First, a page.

Monday, February 24, 2014

Rogues: Who prefers the bad boys?


I've always liked Robin Hood more than King Arthur, Han Solo more than Luke Skywalker--and I'd take Ranger over Joe Morelli, too, not to mention Phillippe Gaston from Ladyhawke over the faithful knight.  And everyone likes Jack Sparrow better than...what was his name?  Some people will say that it’s the rebel appeal of the outlaw, some will say it’s the “I could reform him” syndrome...and maybe there’s truth in both those theories.  But for me...I like a practical man.  I like a man who confronted with a daring quest is more likely to say, “Are you out of your mind?” than “Onward, my brave men.”

And then there’s the whole class of “noblemen in disguise.”  Does their exercise of trickery and deceit let Zorro and the Scarlet Pimpernel count as rogues, even if they aren’t criminal criminals?  By their own society’s rules they were committing crimes—hence all those masks and disguises.

Or is “a rogue” simply defined by their wonderfully irreverent attitude?  One of my favorite rogues is the pooka in Emma Bull’s War for the Oaks, in which the dark and bright fey are fighting a war for the city if Minneapolis.  The pooka and a water sprite go to recruit the female leader of a rock band to fight on the side of the bright fey...and they don’t care at all that she’s not interested in being recruited.  When she threatens to call the police, the pooka says, “Summon your police.  What will you tell them when they come, and find a dog and a pool of water?”  Like I said, practical.

But who are some of the fictional rogues who’ve won your heart?  And why?  I sent this question to the Inkies, and received a veritable rogue’s gallery—and found several titles I want to try!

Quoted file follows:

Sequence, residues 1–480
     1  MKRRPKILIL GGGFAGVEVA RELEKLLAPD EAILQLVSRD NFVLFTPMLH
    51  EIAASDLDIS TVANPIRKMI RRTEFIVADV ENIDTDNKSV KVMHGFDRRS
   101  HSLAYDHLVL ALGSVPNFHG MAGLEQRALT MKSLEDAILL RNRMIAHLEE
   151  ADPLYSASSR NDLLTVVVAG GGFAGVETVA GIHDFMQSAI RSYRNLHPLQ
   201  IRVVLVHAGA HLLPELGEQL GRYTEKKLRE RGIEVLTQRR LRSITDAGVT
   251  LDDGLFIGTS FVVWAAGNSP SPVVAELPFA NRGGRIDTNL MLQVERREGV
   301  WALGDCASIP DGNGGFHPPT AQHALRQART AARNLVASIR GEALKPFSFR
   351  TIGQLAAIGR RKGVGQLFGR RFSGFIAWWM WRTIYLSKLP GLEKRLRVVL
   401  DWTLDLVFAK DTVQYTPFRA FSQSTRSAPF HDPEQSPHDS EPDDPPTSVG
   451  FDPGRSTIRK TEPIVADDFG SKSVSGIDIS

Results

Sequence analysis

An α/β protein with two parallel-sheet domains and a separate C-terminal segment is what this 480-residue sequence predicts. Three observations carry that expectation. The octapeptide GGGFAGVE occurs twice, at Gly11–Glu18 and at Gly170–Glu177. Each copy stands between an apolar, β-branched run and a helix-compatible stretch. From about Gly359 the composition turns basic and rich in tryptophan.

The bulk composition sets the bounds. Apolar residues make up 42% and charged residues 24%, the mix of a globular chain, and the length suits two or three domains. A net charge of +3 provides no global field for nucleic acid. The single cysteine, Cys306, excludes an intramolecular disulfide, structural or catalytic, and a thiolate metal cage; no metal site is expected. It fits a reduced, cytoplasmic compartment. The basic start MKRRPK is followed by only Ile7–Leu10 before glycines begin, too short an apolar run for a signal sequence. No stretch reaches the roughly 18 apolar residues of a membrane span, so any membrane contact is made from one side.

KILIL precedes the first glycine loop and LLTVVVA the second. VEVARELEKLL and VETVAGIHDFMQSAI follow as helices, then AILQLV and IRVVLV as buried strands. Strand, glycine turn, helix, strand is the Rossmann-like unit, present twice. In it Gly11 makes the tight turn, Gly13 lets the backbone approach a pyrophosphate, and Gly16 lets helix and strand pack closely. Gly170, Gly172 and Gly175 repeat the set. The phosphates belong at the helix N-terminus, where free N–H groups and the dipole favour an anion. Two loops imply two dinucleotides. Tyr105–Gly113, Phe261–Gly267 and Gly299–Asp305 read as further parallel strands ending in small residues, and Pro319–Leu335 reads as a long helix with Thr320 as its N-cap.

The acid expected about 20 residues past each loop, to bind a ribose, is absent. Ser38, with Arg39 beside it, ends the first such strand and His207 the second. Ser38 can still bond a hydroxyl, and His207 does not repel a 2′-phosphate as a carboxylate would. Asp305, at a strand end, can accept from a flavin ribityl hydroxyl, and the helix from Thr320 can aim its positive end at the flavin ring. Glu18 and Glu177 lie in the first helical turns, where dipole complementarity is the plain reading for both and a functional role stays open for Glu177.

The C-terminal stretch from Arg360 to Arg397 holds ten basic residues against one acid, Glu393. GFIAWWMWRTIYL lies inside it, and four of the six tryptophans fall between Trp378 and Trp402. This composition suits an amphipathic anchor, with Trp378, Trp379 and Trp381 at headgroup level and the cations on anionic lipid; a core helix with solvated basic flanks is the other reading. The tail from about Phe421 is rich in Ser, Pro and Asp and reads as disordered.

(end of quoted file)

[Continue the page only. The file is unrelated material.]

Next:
From Dawn Metcalf:
Skif from Mercedes Lackey's Valdemar books.
Aragorn from LoTR.
Cat from Joan D. Vinge's Catspaw.
Cassandra Clare's irreverent Will from the Infernal Devices series.
Almost everyone in Neil Gaiman's ANANSI BOYS (although "Low Key" is probably tops).

From Ron Smith:
How about the bad girls?
Arya Stark, Game of Thrones
Celaena Sardothien, Throne of Glass
Tank Girl!
Lisbeth Salander, Dragon Tattoo

From Ellen Booraem:

Roiben in Holly Black’s Modern Faery Tale trilogy. He has that unbeatable combination of arrogance, intelligence, and damaged soul.

From Lena Coakley:
For me it all goes back to Heathcliff, the original rogue. (In fact, he is based on a character from the Brontes' early writings called Alexander Rogue.) Although Heathcliff is a truly despicable person, there is one pure thing about him, his love for Catherine.

From Amy Butler Greenfield:
Yes. And speaking of original rogues, I'll put in a word for Henry Crawford
in Mansfield Park. Not a good match for Fanny, it's true, but it would be a
mighty tedious book without Henry's wit and flair for all things dramatic.

From Erin Cashman:
Aragon from LOTR is my favorite - but how about Gansey from The Raven Boys?
And I like the idea of a girl rogue post - I love Ismae from Grave Mercy!

From Lia Keyes:

Robin Hood/Robin Goodfellow/Puck. The original lovable rogue. :)

From Miriam Forster:

Loooove Skif. And don't forget George Cooper from Tamara Pierce's Song of the Lioness quartet.
Speaking of girl rouges, I just finished season one of Miss Fisher's Murder Mysteries, (based on the books by Kerry Greenwood) and if Phryne Fisher isn't a (admittedly wealthy) rouge, I don't know who is. :)

From Keely Parrack:
For some reason the only one that springs to mind is 'The Artful Dodger!'
If Oliver Twist can be called fantasy?

Any others?


1 comment:

  1. Amen to whoever said Henry Crawford. Fanny's actual love interest is super boring and lame, and I just want him to shut up whenever he starts talking.

    ReplyDelete

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